How I code in 2022
I own a Starbook Mk V. I wanted the most seamless experience possible with the OS of my choice: elementary OS and wow, it delivers! It's fast, smooth, gets regular firmware updates over fwupd and support is great (in terms of drivers, touchpad support and customer support).
Despite how slim it is, battery life is great. I average around 6-8 hours but on other operating systems like Pop!_OS 21.10, I have gotten closer to the advertised maximum of 11 hours (around 8-10 hours).
Also, it's super easy to open the system for self-repairs and upgrades. In fact they even offer a 1 year open warranty (at time this article has been written).
If it sounds like I'm selling this laptop to you, yes I am. If you want a, laptop made for Linux that is fast and "just works", this is it.
P.S. I'm writing this blog post with this laptop and it's been I haven't really been concious of the hardware itself. The experience has been so seamless that I just focus I'm just fully focused on writing this post instead.
I run elementary OS 6.1 Jólnir on my main laptop.
I use it because it has the perfect balance of productivity and ease-of-use across all Linux Desktops (just to clarify, this is my personal opinion).
Still though, I do have several parts that I really don't like about it but, there's something about the aesthetics that makes me come back to the OS again whenever I swap to a different one.
Sublime Text 4#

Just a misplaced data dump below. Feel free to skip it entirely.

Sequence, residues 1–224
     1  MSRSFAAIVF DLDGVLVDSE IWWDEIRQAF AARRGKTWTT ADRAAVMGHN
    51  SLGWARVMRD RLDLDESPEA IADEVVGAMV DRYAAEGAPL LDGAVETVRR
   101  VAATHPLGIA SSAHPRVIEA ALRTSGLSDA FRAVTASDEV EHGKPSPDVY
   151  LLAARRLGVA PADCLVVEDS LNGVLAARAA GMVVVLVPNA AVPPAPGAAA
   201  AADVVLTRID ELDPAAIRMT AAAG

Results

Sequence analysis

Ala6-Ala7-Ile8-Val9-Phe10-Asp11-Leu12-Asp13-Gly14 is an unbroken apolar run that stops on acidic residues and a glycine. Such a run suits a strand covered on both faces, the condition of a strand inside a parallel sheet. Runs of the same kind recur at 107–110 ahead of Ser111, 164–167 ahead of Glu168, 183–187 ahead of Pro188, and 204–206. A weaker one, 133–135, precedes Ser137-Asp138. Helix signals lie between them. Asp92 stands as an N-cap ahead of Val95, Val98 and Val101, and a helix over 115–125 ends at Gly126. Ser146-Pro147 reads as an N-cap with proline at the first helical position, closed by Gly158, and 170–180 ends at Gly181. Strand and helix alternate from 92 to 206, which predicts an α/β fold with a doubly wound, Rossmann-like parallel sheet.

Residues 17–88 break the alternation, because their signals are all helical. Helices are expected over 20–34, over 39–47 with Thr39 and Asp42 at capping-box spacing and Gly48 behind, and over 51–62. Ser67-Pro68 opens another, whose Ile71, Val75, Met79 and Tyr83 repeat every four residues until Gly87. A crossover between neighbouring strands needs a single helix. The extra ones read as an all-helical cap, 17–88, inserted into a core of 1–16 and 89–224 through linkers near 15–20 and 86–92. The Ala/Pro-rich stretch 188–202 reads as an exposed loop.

I love that out of the box, it's pretty much a text editor with pretty decent, built-in syntax highlighting.
It's lightning quick and native too (your RAM will thank you).
Thanks to language server protocol and the Sublime Text LSP package that adds support for it to the editor you can add IDE-like features for the languages of your choice while still having full control of the exact worfklow you want.
I use this for Version control
Thanks to Git, I can code features in parallel using feature branches.
If something goes wrong with my code, I can easily revert back to a working state.
Not only is it an excellent browser, I'm also a big fan of the developer tool sections available there:
- Accessibility: Makes it much easier to test for WCAG requirements
- Also one of the only browsers that has actually implemented the freedesktop color scheme preference.
I make mockups and protoypes here before I start writign code that involves a UI.
By the way, it's free and works on all operating systems since it's browser-based!
(2022 Update: NOW IT HAS A DARK THEME !! 🌙️)
Mozilla Developer Network Documentation (MDN Docs)#
I'm exteremely grateful to live in a time when such a resource exists. New things are being added to the web constantly. This website is a great way of learing about what APIs are out there, what's possible and also, which browsers support certain features.
Can I use#
I love how this website gets straight to the point. "Can I use X feature on my website if I want to support at least browser version Y?"
My last resort.